Alex Whittaker travels to Yorkshire to explore this fascinating gem of the north.

Upper harbour looking to East Cliff.

Whitby is a famous old seaside town and port situated on the east coast of Yorkshire, at the mouth of the River Esk. It is celebrated for its maritime history, its ruined seventh-century gothic abbey and its fish and chips. It is also the place where the ‘Fanged One’ leapt straight from his ship into the pages of Bram Stoker’s Dracula. Captain James Cook, the incomparable navigator, was apprenticed here, learning how to sail in these very waters.

Approach from sea

Whitby is a welcome haven if running before bad weather, and also a great staging post on any North Sea coastal cruise. All in all, it is a superb port for family crews and a great location for summer trailer boating adventures. Whitby Harbour is a busy working harbour, and as such requires all skippers to observe the minimal but necessary harbour rules: maximum speeds of 8 knots between the entrance and Scotch Head and 5 knots in all other areas are enforced. Also bear in mind that a strong easterly set may be experienced across the harbour entrance two hours preceding high water during spring tides.

Otherwise, in settled weather, Whitby Harbour may be approached safely from any direction except south-east. When approaching from the south-east, Whitby Rock Buoy must be rounded and kept on the port hand. At the rock buoy, approximately three-quarters of a mile from the harbour mouth, the tide turns some two hours after high or low water. On approaching the prominent harbour piers, care should be exercised. This is because a strong set to the east will be experienced across the entrance during the two hours preceding high water. Harbour watch-keeping is on Channel 11 VHF. Note that dangerous sea conditions can develop at the harbour entrance during strong north-westerly to easterly onshore winds. Most significantly, entry to Whitby Harbour for small craft is not recommended during this time. On approach, leading marks should be visible, consisting of a day signal of a white triangle for the lower mark, and a white circle with a black vertical line for the upper mark at night, while exhibiting a signal of FL.Y 4s (synchronised). Sited on the east side of the harbour, these give the channel in from the sea on a bearing of 169 degrees true. This course should be held until two similar leading marks/lights sited on the east pier are observed. At night, a signal of FL.Y 2s (synchronised) will be observed. Your course should now be altered to 209 degrees true, bringing the second set of marks/lights in line astern. This channel is, as far as possible, maintained at a depth of 1.4m below chart datum.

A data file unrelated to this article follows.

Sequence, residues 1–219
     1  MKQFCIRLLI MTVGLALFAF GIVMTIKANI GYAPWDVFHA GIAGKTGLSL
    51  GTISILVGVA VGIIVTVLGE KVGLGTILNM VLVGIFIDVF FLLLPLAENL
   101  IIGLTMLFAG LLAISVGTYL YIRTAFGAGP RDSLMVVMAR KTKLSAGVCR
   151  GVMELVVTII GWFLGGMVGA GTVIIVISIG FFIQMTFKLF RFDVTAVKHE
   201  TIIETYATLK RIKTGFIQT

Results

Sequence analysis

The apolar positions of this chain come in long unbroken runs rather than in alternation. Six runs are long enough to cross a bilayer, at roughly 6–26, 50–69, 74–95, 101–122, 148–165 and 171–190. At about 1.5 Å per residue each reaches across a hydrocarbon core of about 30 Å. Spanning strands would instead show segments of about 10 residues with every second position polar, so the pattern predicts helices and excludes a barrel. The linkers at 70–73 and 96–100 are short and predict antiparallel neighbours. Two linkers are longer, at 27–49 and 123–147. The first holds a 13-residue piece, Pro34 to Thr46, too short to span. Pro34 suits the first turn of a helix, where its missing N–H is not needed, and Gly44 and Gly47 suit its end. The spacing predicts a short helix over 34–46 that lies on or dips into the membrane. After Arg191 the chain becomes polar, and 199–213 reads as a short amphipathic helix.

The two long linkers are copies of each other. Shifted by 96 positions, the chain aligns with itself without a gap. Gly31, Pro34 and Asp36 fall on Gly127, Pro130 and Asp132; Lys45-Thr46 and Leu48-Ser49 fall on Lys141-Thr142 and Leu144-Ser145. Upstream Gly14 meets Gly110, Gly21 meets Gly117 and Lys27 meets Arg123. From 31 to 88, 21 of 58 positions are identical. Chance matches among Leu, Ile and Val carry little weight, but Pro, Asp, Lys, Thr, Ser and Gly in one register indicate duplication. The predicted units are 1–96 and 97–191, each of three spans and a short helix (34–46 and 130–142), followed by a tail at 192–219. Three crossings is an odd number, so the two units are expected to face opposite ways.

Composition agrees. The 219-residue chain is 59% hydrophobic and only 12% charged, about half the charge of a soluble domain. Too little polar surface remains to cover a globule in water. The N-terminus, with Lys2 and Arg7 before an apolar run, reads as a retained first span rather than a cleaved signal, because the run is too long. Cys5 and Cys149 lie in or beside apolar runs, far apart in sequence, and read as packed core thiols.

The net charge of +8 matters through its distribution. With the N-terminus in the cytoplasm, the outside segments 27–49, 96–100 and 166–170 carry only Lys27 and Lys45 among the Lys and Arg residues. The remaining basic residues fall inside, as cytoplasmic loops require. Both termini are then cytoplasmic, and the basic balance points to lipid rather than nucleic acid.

Whitby Harbour has its own dredger, Sandsend, which was converted from a dumb barge in 2003. Depths on private moorings are maintained where possible at the depths listed below. However, these cannot be guaranteed due to occasional rapid silting, and note that all depths are below chart datum:

• Private moorings on pontoons below Spital Bridge: 1.5m

• Eskside Wharf: 1.5m

• Endeavour Wharf: 2.0m

• Fish Quay: 2.0m

Swing Bridge

The Swing Bridge links the inner and outer harbours plus the east and west side of the town. It opens on request each hour, and for half an hour two hours either side of high water. Vessels with larger air draughts arriving outside the bridge opening times are requested to wait in the lower harbour alongside the Fish Quay/fishing vessels, or on the waiting pontoon on the east side, at the end of the fish pier. Boats on the quay must remain manned at all times to facilitate the movement of fishing vessels. When transiting the bridge, craft upstream should give way to vessels proceeding from seawards. Precedence should be given to larger vessels, and no craft should attempt to transit the bridge when a vessel under pilotage is entering or leaving. Both leaves of the bridge will be opened to smaller craft in busy periods – such vessels will be expected to proceed through simultaneously upstream and downstream in an orderly line keeping to the starboard side of the channel. VHF communication should be established on Channel 11 with the bridge operatives prior to transit. All craft equipped with VHF should maintain a listening watch on Channel 11 when approaching, and within Whitby Harbour limits.


Spates are a fact of boating life in Whitby Harbour. Notices warn of the phenomenon. This is when a large volume of fresh water (due to heavy rainfall) comes down the river and floods through the harbour and out to sea. During these spates all boats must stay tied up on their berths, moorings or pontoons.

Whitby Marina